An Etymology and Use Lesson

nation (n.) c. 1300, from Old French nacion “birth, rank; descendants, relatives; country, homeland” (12c.) and directly from Latin nationem (nominative natio) “birth, origin; breed, stock, kind, species; race of people, tribe,” literally “that which has been born,” from natus, past participle of nasci “be born” (Old Latin gnasci).

As you can see above, the word nation has some old roots, but all of them have to to with birth and origin. Our new president has been throwing around this word the past week, and certainly used it widely on the campaign trail.

If we are to understand why he’s using this word, we have to understand it’s roots in the political arena. In the 18th and 19th century the word began to be used to define “one ethnic, cultural, religious, or identity group” (Wikipedia), which then could claim its own rights. These people included the Germans and Italians, who eventually formed their own countries out of many smaller states. Examples of more modern created nations include Serbia, Croatia, Bosnia and Slovenia, which arose out of the breakup of Yugoslavia. Each country represents people whose identity derives from a shared sense of language, heritage and culture.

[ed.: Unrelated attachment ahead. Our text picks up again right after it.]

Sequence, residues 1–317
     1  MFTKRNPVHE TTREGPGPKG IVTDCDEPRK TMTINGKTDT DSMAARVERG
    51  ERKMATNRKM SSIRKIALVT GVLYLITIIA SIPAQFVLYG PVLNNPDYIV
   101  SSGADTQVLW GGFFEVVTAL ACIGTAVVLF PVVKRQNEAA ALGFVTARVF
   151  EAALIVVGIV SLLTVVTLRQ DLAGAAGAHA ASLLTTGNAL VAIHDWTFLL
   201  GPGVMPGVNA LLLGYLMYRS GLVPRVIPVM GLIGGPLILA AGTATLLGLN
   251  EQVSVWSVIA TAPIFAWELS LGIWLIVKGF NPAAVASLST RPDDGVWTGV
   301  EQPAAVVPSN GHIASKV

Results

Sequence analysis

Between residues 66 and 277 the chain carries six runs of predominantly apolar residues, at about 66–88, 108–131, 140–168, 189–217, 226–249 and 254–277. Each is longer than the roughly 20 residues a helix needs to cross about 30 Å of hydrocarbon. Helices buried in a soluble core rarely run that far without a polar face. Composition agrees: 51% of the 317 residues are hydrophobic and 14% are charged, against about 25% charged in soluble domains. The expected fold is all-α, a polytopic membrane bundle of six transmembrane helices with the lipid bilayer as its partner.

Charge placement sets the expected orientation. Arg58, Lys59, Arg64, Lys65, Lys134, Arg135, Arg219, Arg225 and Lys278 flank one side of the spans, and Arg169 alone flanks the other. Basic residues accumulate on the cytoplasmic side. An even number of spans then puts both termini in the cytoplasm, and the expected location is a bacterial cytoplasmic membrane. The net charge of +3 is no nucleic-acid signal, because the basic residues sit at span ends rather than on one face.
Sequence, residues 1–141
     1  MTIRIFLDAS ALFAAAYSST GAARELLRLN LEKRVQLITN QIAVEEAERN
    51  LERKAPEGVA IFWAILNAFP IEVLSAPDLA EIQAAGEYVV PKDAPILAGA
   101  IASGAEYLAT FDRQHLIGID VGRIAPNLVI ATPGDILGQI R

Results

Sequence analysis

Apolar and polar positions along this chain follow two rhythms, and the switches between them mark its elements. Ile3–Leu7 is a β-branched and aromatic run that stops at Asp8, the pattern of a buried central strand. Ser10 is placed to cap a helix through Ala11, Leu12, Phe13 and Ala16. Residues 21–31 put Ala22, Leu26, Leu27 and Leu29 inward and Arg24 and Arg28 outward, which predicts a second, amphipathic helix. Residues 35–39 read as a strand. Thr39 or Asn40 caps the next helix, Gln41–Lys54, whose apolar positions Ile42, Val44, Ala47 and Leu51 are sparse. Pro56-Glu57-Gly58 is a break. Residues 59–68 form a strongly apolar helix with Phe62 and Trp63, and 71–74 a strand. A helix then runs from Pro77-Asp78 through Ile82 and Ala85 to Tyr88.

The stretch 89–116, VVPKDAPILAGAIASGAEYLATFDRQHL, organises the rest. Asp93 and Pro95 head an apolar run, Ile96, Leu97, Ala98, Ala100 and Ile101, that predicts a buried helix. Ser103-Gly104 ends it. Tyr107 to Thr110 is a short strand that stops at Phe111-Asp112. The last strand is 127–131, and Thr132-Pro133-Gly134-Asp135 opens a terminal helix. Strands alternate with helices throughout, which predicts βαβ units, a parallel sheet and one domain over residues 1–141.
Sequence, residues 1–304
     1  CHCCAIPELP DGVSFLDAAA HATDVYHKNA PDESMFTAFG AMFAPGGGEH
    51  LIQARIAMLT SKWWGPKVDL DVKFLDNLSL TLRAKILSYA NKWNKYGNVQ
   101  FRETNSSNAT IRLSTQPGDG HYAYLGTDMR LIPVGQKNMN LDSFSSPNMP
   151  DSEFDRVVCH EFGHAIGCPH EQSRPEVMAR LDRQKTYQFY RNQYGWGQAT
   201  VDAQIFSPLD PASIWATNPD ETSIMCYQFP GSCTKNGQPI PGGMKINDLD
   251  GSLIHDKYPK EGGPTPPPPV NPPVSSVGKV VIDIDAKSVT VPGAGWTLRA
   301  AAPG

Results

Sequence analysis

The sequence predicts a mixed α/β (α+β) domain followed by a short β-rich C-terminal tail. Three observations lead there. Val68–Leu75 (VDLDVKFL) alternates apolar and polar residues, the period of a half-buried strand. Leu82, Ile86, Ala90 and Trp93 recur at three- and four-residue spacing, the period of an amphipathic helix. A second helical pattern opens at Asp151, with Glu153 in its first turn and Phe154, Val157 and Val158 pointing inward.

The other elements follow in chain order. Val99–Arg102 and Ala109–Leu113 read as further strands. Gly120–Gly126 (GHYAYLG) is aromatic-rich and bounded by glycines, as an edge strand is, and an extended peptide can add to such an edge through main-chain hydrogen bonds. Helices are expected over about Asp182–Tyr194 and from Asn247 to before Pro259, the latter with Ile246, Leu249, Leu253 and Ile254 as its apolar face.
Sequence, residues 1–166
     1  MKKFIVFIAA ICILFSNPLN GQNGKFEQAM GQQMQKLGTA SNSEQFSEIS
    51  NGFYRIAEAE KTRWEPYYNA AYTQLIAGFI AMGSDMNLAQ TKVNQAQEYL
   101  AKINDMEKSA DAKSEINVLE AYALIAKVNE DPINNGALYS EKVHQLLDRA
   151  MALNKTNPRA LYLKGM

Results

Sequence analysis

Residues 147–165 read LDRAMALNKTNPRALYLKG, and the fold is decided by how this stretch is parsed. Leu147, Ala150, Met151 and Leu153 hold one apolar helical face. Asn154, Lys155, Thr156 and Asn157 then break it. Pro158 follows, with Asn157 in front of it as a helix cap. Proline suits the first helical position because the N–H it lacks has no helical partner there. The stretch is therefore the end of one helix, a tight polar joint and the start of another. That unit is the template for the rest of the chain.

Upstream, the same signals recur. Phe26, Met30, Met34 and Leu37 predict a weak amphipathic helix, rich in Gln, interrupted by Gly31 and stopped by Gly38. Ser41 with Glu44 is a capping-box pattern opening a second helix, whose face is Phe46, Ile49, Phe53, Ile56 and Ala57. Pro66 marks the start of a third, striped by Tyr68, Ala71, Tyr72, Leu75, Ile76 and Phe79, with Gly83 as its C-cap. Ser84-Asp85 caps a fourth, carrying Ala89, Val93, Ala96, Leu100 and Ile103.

In the mid 20th century the concept of nation was taken to an extreme by a German political  movement called Nationalsozialismus (National Socialism). In a more simple form of the word, nazism. The word nazi derives from the first two syllables of the German form of the word national: na-tsi. I trust I do not have to explain what the German nazis did to achieve their political, social and economic goals?

Nation. It’s a simple word. But it has some hard facts (not alternate facts) attached to it. Our new president seems to be using the word in a hard way. His speeches and deeds seem to be focusing on creating a United States that mirrors the rise of Nazi Germany. Let’s make sure our understanding and use of the word nation doesn’t become extreme.


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